From the Riverside Press-Enterprise: Domaine Javier, 24, said university officials told her she was expelled for falsely claiming on her application form that she is a female. Javier revealed on MTV's "True Life" that she is biologically male.
Letters the university sent to Javier say she was expelled for "committing or attempting to engage in fraud, or concealing identity," and for presenting false or misleading information in university judicial processes.
Javier, 24, said she has identified herself as female since she was a toddler and correctly clicked the space next to "female" on the online application form.
"I didn't do anything wrong," she said. "They said, 'On your application form you put 'female.' And I was like, 'Yeah, that's how I see myself.'"
And in the category of even more ridiculous, the story reveals that the California law does not cover private universities. I note, however, that California is under the jurisdiction of the Ninth Federal Circuit Court. The Ninth Circuit has ruled that federal laws referring to sex discrimination include transgender people, and I hope that Ms. Javier finds a good lawyer.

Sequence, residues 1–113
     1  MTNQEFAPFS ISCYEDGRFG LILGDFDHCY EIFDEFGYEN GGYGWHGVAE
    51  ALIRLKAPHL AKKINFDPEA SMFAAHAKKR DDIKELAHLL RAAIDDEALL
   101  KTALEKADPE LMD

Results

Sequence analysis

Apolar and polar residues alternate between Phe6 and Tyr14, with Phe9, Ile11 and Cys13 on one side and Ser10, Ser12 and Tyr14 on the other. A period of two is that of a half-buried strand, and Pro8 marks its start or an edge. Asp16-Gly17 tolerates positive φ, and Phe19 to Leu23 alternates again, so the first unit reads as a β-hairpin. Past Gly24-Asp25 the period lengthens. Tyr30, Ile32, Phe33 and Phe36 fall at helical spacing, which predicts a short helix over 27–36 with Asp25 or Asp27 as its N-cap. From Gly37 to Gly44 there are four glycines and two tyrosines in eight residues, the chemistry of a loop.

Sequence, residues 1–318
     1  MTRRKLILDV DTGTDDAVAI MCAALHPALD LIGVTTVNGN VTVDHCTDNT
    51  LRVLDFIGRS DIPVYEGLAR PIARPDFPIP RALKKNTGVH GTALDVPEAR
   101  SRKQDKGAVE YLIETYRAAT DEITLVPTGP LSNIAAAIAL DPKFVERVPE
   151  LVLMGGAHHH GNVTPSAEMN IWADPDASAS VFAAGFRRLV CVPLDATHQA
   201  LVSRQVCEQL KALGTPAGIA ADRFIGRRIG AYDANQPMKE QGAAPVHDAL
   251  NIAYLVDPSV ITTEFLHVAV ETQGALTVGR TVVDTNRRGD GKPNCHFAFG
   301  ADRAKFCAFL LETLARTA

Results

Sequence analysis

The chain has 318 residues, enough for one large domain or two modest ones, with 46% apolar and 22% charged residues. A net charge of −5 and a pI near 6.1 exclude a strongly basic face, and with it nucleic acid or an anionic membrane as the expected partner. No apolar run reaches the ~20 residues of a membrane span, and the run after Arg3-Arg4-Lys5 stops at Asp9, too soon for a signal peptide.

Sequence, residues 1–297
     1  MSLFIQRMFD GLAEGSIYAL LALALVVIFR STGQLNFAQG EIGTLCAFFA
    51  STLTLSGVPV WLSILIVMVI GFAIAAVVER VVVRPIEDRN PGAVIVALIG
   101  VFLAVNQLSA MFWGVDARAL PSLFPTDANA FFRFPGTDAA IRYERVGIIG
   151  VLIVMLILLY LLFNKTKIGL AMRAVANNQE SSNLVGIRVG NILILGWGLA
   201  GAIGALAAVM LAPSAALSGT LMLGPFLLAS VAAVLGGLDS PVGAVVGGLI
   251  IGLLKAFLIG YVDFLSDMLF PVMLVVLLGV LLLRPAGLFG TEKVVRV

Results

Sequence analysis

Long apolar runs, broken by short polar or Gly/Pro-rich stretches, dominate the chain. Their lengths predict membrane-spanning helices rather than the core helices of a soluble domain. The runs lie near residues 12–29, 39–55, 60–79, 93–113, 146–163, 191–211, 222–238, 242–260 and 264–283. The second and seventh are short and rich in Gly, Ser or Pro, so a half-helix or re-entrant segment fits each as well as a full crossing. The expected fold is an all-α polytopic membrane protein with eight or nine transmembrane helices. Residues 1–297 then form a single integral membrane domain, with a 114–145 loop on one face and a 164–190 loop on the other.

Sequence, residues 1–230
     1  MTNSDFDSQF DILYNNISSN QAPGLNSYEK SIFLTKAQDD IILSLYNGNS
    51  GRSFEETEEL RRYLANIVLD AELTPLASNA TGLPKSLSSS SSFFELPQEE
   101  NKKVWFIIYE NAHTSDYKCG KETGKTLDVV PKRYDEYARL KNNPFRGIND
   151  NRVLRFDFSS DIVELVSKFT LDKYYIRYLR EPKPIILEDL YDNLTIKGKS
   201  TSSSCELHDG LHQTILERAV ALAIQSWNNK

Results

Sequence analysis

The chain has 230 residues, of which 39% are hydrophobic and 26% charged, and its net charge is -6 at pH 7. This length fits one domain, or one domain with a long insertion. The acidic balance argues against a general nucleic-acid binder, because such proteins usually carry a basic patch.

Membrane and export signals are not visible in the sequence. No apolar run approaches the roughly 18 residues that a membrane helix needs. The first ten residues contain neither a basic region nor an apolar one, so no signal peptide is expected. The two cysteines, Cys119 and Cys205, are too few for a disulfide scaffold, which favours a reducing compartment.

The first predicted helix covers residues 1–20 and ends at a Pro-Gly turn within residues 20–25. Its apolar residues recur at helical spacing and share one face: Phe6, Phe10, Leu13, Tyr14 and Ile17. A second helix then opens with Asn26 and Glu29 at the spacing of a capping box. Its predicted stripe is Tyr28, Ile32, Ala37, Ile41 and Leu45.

The idea that a transgender person commits fraud by stating their current sex, rather than their birth sex, is simply wrong. I have discussed this in the health care context, in my article "An Attorney's Perspective on Fraud Related to Health Care," in the Journal of Controversial Medical Claims. While there are few court opinions directly on point, the idea that my identification as a female is "fraud" is patently ludicrous. If that were true, then gender identity non-discrimination laws could have little effect, because it would be a simple matter to cry "fraud" and say that was the basis of discrimination, rather than the person's gender identity specifically.
It's obvious that Cal Baptist discriminated against Ms. Javier because of her sex, as well as her gender identity, and wants to avoid the effect of the law.